Listeners may read into it what they will. I have certain philosophies, outlook, idiom in my art, but I don’t want to throw it at them in an attempt at programming. Our own Imagination must triumph. This is integral to my ideas, to what I would like to convey. When we say that we have just read a great book, we are saying that our Imagination has triumphed. Even the English poet C Day-Lewis tells us: “Is that a beautiful mountain, or just the poet that sings you so well?” I think I’d like Leafblade to assist in keeping the poet in each of us alive. We have a very discerning, intelligent audience and fans who ask me many interesting questions that provoke, that stimulate the mind. They fuel my breathing, as I would hope to add a little fuel to theirs, as we raise each other beyond the activities of the everyday life. And finally, I’d like to convey a little honesty, openness. A synergy, an exchange, is at work. I like the idea of “reflection”, though; a bridge of glimmerings between us. I have had many beautiful reflected sentiments in the past after albums and live recordings, comments which have uplifted me, made me feel that what I’m doing is worthwhile. I can empower myself from within, nurture the inner ego without need of gratuitous comments. Music is something I feel I have some heart and spirit for, so the universe has engineered me to do it in consort with my wishes; but it is certain positive shining from people who have had their lives changed for the good in some way after listening to my stuff that has really been the kiss to my earthly flesh…
– You are often considered a progressive band. Personally I could say you are progressive not musically, but you have a progressive nature, creating really forward thinking music. How do you feel being considered a progressive band on musical terms? Does it fit you?
I agree to the notion that Leafblade aren’t fully “progressive” musically. I have discussed this in a recent interview. I think the music on “The Kiss of Spirit and Flesh” is warm, attractive, anthemic, rolling; catchy, even. This isn’t your archetypal progressive music in the vein of early Yes or Rush (bands that I adore), or a musically diverse Peter Gabriel, with its odd-numbered tabulation and construction based around the metre of the lyrics. Perhaps tracks like “Oak Machine” or portions of “Portrait” have stronger suggestions of concept, progressive weavings in the orchestration, the emotional roller-coaster movements. Conceptually, thematically, I think the “progress” is all there. As I’ve said earlier, this is very much the poet listening to the life and death within the land, applying those metaphors to the human condition. We immerse ourselves in magic, ritual, the sacredness of numbers, of synesthesia, of childhood wonder, of meditation, of a discourse in comparative theology and occult history in tracks like “Bethlehem”. I explore concepts in the life in the Land, in the land’s memory, in tracks like “The Hollow Hills”; the meditative journey at the mid-point in the song is reminiscent of a dreaming journey through both the labyrinth of the psyche and the deep roots below the earth’s surface, where dwell denizens of the great Middle Kingdoms.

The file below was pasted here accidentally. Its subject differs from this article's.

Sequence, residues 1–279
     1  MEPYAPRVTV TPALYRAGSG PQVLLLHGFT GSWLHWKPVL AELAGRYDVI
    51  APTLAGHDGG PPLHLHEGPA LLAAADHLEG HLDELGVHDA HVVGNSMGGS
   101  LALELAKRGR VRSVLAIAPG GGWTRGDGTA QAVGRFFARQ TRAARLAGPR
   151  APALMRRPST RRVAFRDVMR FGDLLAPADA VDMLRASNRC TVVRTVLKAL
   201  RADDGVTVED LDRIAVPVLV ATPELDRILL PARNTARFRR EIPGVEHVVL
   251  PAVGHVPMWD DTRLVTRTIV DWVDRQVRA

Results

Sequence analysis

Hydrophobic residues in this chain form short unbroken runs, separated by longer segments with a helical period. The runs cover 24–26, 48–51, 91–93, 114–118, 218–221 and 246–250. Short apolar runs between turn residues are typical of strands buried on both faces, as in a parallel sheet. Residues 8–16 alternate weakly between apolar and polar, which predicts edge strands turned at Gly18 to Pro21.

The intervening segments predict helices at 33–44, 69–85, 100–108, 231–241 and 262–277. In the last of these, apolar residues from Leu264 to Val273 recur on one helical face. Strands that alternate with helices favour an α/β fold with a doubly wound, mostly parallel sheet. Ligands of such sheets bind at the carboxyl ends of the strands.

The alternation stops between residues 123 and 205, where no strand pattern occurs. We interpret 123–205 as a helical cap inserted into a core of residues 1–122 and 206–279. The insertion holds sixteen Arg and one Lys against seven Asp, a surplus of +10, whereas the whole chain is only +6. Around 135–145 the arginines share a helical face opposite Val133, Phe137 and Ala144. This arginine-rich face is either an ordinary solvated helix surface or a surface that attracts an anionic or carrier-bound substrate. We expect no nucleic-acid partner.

– You mix elements from different music styles on your compositions, as Folk, Rock, Pop, etc., so, what do you think have been the most influential bands for you?
As a kid I listened to a lot of Cat Stevens and Simon and Garfunkel. This gave me a great grounding in acoustic composition, as did Led Zeppelin’s acoustic stuff. Irish band Clannad opened up new colours musically and spiritually with their astounding album “Legend”, based on the adventures of the English Robin Hood theme, but with deeply Pagan, greenwood imagery. During my Valle Crucis years (a band most definitely “progressive”!) I strapped on the electric guitar for death-defying time-changes and atmosphere, theatre and ritual storytelling, influenced by bands like Rush and Yes, (delighting in their sheer variation: acoustic patterns through full-on rock) early Sabbath, then into the realms of my love of medieval music and the power of Stravinsky, Bach and Vaughan-Williams. I listened to a lot of guitar work by Albeniz and Granados. I adore Rodrigo’s Concerto de Aranjuez, the lute music of John Dowland, choral music of Tavener, Arvo Part, William Byrd and Gesualdo. This is the beginning of a huge list! I would include the paintings of Van Gogh and Monet for finding the Inner Light and warmth, rapture: Odilon Redon, Ernst Oehme, Magritte, Dali; pen and inks of Edward Ardizzione, woodcuts and engravings in stone, within which I can become lost!